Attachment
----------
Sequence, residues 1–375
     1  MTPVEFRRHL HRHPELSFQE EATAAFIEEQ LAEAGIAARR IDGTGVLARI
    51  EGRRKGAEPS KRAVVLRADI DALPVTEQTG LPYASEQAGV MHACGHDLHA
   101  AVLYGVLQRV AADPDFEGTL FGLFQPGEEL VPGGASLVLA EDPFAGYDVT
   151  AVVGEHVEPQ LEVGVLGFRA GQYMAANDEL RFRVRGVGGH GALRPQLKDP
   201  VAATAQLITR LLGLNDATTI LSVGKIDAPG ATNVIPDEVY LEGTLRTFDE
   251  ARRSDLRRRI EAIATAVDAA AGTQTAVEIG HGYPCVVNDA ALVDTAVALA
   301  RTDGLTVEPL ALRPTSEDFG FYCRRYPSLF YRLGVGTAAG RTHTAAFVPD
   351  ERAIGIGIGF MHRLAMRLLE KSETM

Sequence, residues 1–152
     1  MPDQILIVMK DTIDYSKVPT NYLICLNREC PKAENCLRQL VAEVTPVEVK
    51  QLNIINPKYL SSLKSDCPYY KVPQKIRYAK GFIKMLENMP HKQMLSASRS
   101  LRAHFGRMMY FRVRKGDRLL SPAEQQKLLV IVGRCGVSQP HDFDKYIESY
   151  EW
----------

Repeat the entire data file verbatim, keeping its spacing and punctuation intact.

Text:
Sequence, residues 1–375
     1  MTPVEFRRHL HRHPELSFQE EATAAFIEEQ LAEAGIAARR IDGTGVLARI
    51  EGRRKGAEPS KRAVVLRADI DALPVTEQTG LPYASEQAGV MHACGHDLHA
   101  AVLYGVLQRV AADPDFEGTL FGLFQPGEEL VPGGASLVLA EDPFAGYDVT
   151  AVVGEHVEPQ LEVGVLGFRA GQYMAANDEL RFRVRGVGGH GALRPQLKDP
   201  VAATAQLITR LLGLNDATTI LSVGKIDAPG ATNVIPDEVY LEGTLRTFDE
   251  ARRSDLRRRI EAIATAVDAA AGTQTAVEIG HGYPCVVNDA ALVDTAVALA
   301  RTDGLTVEPL ALRPTSEDFG FYCRRYPSLF YRLGVGTAAG RTHTAAFVPD
   351  ERAIGIGIGF MHRLAMRLLE KSETM

Sequence, residues 1–152
     1  MPDQILIVMK DTIDYSKVPT NYLICLNREC PKAENCLRQL VAEVTPVEVK
    51  QLNIINPKYL SSLKSDCPYY KVPQKIRYAK GFIKMLENMP HKQMLSASRS
   101  LRAHFGRMMY FRVRKGDRLL SPAEQQKLLV IVGRCGVSQP HDFDKYIESY
   151  EW